Shipston-on-Stour residents harness power of nature to increase the town’s flood resilience

Community group hailed as best practice example of using Natural Flood Management techniques to reduce flood risk.

Community group hailed as best practice example of using Natural Flood Management techniques to reduce flood risk.

Reducing flood risk: some of the Shipston-on-Stour community group at work.  Since forming, the group has installed more than 800 natural interventions to slow and store water from the River Stour and its tributaries.  Group is the result of one of 60 Government Natural Flood Management pilot schemes

Volunteers in Shipston-on-Stour in Warwickshire, who are harnessing the power of nature to increase flood resilience in their community, have been praised by the Environment Agency for their innovation.

Members of the community formed the Shipston Area Flood Action Group (SAFAG) in 2014. They have since become part of a government pilot to use Natural Flood Management (NFM) techniques, such as tree planting and pond creation, to slow flows and store water from the River Stour before it reaches the town whilst also creating habitats.

There are around 85 homes and businesses at risk of flooding in Shipston and around 30 additional properties at risk in surrounding villages across the catchment. Many properties flooded in July 2007 when the Stour reached its highest ever level.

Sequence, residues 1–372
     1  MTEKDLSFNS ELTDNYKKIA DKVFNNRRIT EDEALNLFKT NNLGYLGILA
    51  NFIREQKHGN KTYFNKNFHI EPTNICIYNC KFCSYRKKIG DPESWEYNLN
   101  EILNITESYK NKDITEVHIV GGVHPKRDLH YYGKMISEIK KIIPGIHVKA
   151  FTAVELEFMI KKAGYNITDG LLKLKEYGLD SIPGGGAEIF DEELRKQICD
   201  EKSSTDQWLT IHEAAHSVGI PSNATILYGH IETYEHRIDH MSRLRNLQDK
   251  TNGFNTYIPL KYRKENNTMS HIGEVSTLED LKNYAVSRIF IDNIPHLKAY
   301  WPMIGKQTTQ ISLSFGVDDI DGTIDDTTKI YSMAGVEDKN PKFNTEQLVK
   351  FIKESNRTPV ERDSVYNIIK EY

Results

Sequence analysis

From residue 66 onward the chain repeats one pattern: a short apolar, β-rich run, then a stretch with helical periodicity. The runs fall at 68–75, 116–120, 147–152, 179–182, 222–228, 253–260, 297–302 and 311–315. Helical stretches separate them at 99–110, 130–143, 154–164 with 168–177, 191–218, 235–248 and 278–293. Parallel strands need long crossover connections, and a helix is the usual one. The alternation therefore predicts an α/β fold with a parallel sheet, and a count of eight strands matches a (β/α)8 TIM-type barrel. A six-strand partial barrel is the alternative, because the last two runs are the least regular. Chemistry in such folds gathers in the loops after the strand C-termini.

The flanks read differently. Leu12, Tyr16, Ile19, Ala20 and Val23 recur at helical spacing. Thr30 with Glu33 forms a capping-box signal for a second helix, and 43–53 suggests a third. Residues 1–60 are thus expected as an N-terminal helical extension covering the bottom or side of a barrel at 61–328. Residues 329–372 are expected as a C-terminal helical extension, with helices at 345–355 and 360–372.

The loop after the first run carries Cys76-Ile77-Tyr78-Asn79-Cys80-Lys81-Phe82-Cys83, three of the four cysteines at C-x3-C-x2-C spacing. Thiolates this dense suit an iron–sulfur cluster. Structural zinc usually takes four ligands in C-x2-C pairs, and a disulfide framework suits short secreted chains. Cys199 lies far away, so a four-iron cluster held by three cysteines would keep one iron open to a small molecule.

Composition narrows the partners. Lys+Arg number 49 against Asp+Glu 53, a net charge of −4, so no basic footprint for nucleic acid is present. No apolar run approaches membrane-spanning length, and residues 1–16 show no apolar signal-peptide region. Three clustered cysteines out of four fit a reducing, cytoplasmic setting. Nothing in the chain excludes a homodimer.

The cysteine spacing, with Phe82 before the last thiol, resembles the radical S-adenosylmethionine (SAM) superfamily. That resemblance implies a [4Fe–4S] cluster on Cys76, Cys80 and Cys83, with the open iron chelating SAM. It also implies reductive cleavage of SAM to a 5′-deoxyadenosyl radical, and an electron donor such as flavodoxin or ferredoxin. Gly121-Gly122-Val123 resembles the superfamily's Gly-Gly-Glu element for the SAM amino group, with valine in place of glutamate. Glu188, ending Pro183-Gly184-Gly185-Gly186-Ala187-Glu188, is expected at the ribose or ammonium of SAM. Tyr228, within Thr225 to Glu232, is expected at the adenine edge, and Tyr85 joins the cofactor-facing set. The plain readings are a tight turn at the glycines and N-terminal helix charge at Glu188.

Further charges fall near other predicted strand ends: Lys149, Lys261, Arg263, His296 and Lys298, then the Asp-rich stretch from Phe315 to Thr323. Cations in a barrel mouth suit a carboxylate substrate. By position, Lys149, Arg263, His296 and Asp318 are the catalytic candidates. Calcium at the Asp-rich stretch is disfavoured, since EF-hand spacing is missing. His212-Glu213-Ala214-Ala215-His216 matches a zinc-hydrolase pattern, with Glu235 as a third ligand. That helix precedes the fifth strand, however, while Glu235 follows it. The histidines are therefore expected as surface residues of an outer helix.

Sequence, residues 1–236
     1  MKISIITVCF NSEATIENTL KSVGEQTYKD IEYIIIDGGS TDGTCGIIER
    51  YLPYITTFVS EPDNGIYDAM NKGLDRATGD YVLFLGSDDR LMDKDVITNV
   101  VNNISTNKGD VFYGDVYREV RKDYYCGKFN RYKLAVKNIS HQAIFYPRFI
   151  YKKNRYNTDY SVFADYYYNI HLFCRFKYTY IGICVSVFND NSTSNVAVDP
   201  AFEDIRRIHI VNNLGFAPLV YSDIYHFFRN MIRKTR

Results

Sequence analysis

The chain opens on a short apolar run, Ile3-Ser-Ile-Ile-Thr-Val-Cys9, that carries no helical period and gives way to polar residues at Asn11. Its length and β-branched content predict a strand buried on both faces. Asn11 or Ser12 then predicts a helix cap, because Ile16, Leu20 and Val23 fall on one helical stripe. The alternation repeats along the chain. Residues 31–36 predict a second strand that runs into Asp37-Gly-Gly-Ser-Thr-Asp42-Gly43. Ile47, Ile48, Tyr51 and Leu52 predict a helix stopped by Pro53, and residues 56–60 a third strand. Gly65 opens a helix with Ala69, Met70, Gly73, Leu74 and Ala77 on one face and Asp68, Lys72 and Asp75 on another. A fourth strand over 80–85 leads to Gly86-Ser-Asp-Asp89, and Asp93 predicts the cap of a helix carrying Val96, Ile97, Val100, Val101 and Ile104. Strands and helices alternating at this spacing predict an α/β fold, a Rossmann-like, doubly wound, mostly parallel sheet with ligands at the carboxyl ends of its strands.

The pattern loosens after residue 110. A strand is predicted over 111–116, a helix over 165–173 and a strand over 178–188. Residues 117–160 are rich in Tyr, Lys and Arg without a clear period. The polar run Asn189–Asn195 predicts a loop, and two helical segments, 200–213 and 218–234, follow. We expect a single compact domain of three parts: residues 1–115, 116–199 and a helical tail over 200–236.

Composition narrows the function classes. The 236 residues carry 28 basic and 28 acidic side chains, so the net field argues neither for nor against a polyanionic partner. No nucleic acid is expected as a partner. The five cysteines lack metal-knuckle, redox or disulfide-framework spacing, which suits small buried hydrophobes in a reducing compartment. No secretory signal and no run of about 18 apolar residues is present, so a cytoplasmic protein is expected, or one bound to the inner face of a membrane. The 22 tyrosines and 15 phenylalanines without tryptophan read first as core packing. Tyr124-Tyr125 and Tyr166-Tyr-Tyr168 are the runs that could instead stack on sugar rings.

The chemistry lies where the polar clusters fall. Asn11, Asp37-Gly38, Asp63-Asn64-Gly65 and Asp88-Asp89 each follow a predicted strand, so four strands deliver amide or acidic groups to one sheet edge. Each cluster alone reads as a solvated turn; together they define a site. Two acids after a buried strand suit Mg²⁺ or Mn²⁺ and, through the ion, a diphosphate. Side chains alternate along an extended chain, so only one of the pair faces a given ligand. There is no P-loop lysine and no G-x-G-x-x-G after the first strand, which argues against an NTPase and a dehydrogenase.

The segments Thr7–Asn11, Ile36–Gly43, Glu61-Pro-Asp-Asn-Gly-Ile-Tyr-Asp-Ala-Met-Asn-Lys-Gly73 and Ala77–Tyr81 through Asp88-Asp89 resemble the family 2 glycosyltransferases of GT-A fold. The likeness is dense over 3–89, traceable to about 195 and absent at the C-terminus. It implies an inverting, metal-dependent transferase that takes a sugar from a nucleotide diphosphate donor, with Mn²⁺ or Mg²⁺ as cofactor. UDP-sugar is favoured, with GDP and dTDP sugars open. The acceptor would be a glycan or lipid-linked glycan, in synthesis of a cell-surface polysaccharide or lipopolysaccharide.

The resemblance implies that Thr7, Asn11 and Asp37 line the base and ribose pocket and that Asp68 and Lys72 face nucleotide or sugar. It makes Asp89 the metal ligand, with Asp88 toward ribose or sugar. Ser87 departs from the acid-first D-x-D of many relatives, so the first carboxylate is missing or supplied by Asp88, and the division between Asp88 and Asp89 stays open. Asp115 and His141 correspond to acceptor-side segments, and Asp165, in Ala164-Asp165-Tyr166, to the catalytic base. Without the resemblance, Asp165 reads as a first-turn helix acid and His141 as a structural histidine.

The group now has members from Brailes, Long Compton, Tredington, Newbold and Alderminster as well as Shipston. Since 2017, it has installed more than 800 interventions, including leaky barriers and ponds, to hold back and slow the flow from upstream tributaries into the Stour during periods of heavy rainfall, benefiting some 17 villages and towns as well as numerous smaller settlements. 

Today the group is highlighted in a new Government report on The Natural Flood Management Programme which received £15 million of government funding which completed this year.

SAFAG Volunteer Geoff Smith, who joined the group in 2016, said:

Although my house isn’t one of those at risk of flooding I was inspired and motivated to help the group to reduce flooding in Shipston. We’ve installed lots of ponds and barriers that can hold back water, and planted trees and plants which slow the run-off from rainwater into the river. Lots of small changes can help to make a difference.

While it’s hard to scientifically prove that the interventions have decreased flooding, anecdotally people in the community have said it has made a difference and after last winter’s heavy rain we saw much less flooding than expected. The interventions won’t stop a major flood but they can help to reduce the frequency of flooding.

The core volunteer group was formed by Phil Wragg, a former CEO, Mike McCarthy, who has a background in the forces and fire service, and Geoff who worked in finance. Their combined experience helped them to raise funds, engage more than 50 landowners, undertake scheme design, obtain statutory consents and then procure the materials and contractors to carry out the work.

They used some ‘seed’ funding to recruit a PhD student from the Coventry University Centre for Agroecology, Water and Resilience as the group’s project officer in 2017-8, and then took over all aspects of the schemes from 2019.

Geoff added:

If you’re willing to get stuck in and find some help to get started you can make a big difference to your community. It helps the community to take ownership of protecting their homes from flooding.

The wider group of volunteers monitors the NFM sites during heavy rainfall to review every asset in flood conditions and they have an annual schedule of works to maintain all the different interventions. The group was awarded the Environment Agency Flood and Coast Excellence 2021 Award for Community Partnership.